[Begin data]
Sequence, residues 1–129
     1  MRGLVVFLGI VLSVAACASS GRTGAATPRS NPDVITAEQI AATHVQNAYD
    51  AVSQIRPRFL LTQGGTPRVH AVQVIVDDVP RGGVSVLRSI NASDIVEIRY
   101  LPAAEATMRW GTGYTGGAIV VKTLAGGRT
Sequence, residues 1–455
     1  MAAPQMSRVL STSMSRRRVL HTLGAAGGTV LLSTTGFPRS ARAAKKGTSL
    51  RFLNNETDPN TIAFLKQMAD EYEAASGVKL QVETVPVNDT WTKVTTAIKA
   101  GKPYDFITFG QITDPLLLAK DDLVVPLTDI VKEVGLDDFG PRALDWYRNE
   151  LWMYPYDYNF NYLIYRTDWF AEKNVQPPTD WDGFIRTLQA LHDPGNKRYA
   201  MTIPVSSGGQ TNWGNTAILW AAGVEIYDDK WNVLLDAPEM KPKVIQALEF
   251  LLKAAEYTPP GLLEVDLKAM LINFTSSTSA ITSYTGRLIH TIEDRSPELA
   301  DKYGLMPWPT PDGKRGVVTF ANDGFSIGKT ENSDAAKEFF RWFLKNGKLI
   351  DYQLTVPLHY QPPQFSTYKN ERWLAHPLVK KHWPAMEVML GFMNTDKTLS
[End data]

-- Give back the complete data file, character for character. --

Sequence, residues 1–129
     1  MRGLVVFLGI VLSVAACASS GRTGAATPRS NPDVITAEQI AATHVQNAYD
    51  AVSQIRPRFL LTQGGTPRVH AVQVIVDDVP RGGVSVLRSI NASDIVEIRY
   101  LPAAEATMRW GTGYTGGAIV VKTLAGGRT
Sequence, residues 1–455
     1  MAAPQMSRVL STSMSRRRVL HTLGAAGGTV LLSTTGFPRS ARAAKKGTSL
    51  RFLNNETDPN TIAFLKQMAD EYEAASGVKL QVETVPVNDT WTKVTTAIKA
   101  GKPYDFITFG QITDPLLLAK DDLVVPLTDI VKEVGLDDFG PRALDWYRNE
   151  LWMYPYDYNF NYLIYRTDWF AEKNVQPPTD WDGFIRTLQA LHDPGNKRYA
   201  MTIPVSSGGQ TNWGNTAILW AAGVEIYDDK WNVLLDAPEM KPKVIQALEF
   251  LLKAAEYTPP GLLEVDLKAM LINFTSSTSA ITSYTGRLIH TIEDRSPELA
   301  DKYGLMPWPT PDGKRGVVTF ANDGFSIGKT ENSDAAKEFF RWFLKNGKLI
   351  DYQLTVPLHY QPPQFSTYKN ERWLAHPLVK KHWPAMEVML GFMNTDKTLS